Appointed by Governor: not yet appointed
Appointed by President, Bowie State University: Roger Davison, Jr., Ph.D.
Appointed by President, Coppin State University: Elgin Klugh, Ph.D.
Appointed by President, Morgan State University: Simone R. Barrett, Ph.D.
Appointed by President, University of Maryland Eastern Shore: Marshall F. Stevenson, Jr., Ph.D.
Ex officio: Timothy D. Baker, State Archivist; Elizabeth A. Hughes, Director, Maryland Historical Trust; Rev. Tamara England Wilson, D.Min., Chair, Commission on African-American History & Culture; Jacqueline T. (Jackie) Copeland, Executive Director, Reginald F. Lewis Museum of African-American History & Culture; Gabriel Tenabe, Director, Lillie Mae Carroll Jackson Civil Rights Museum; Mark B. Letzer, President, Maryland Historical Society; Will Schwarz, President, Maryland Lynching Memorial Project; Gerald G. Stansbury, President, Maryland State Conference, National Association for the Advancement of Colored People; Joanne M. Martin, Ph.D., President, National Great Blacks in Wax Museum.
Staff: Zenita Wickham Hurley, Esq.
c/o Office of Attorney General
St. Paul Plaza, 200 St. Paul Place, Baltimore, MD 21202
c/o Bowie State University
14000 Jericho Park Road, Bowie, MD 20715 - 9465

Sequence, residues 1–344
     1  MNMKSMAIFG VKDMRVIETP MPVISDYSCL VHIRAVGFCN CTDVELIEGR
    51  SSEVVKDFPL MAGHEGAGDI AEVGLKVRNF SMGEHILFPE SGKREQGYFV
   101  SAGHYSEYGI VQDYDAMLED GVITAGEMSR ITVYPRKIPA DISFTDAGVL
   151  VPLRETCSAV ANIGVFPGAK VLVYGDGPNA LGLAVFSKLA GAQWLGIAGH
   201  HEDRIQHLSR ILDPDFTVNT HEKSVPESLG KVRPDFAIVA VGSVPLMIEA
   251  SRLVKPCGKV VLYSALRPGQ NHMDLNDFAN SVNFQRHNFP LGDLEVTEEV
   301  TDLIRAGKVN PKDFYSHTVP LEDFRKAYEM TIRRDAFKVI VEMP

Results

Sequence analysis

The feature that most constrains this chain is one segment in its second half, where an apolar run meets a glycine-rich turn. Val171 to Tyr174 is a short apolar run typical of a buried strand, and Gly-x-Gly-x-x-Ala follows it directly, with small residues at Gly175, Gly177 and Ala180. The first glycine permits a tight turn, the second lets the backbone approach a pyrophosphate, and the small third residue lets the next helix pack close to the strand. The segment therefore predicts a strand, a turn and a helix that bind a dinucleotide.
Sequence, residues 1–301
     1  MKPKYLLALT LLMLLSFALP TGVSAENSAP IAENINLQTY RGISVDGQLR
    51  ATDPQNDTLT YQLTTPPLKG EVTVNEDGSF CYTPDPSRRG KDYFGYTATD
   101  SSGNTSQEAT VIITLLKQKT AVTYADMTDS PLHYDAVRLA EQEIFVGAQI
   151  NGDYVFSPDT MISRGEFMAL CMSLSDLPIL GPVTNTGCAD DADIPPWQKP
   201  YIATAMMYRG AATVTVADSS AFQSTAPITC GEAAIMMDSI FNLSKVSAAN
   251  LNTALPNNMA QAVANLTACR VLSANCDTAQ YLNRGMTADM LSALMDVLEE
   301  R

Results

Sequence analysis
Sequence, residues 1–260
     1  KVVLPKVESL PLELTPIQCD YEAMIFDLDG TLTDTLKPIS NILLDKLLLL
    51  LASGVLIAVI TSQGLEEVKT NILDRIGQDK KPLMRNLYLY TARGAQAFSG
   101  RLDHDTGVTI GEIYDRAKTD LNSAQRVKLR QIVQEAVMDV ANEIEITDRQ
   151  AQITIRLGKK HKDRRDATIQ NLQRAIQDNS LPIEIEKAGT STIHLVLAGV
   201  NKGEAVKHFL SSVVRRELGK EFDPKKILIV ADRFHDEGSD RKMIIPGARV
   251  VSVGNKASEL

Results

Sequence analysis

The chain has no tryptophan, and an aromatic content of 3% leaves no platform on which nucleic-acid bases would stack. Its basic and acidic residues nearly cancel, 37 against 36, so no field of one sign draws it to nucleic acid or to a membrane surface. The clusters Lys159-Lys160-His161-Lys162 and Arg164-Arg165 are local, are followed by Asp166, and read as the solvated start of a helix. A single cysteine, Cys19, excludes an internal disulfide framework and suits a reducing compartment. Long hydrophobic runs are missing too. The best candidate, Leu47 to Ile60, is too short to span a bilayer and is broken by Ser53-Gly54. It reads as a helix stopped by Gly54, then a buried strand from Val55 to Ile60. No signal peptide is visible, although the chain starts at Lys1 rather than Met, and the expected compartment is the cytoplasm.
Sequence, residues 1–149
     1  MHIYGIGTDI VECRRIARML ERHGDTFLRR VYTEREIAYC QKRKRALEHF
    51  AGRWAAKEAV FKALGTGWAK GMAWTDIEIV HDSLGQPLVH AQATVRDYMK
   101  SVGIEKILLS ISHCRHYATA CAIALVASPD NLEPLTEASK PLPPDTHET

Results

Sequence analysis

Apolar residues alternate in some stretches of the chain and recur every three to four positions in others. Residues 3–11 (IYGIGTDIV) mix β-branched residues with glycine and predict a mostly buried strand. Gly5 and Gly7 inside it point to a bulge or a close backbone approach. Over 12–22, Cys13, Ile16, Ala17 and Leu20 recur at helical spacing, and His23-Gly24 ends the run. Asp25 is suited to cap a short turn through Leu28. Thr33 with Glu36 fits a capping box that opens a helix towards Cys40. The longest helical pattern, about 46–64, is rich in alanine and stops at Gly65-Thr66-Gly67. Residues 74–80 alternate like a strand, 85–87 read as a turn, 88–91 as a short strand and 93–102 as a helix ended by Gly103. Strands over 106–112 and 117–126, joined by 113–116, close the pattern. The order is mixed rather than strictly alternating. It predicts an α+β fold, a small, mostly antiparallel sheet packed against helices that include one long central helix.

Final Report to Governor & General Assembly due Dec. 1, 2021 (Chapter 41, Acts of 2019).
In June 2019, the Maryland Lynching Truth and Reconciliation Commission was authorized (Chapter 41, Acts of 2019).
Lynching is the extralegal murder of an individual in an act of mob violence. Between 1854 and 1933, at least 40 African Americans were lynched by white mobs in Maryland. No one ever has been tried, convicted, or otherwise brought to justice for participating in these lynchings in Maryland.
In those areas of the State where a documented lynching of an African-American by a white mob has occurred, the Commission is to hold regional hearings. Recommendations from the public for addressing, engaging, and reconciling communities where racially motivated lynchings occurred will be accepted by the Commission. Further, the Commission may research any undocumented lynchings brought to its attention, and also the role of State and local governments and the media in racially motivated lynchings.
For restorative justice, the Commission will make recommendations that address the legacy of lynching.
The Commission consists of seventeen members. Of these, four are appointed by the Governor, and one each by the Bowie State University President, the Coppin State University President, the Morgan State University President, and the University of Maryland Eastern Shore President. Nine serve ex officio.
Authorization for the Commission ends June 30, 2022.
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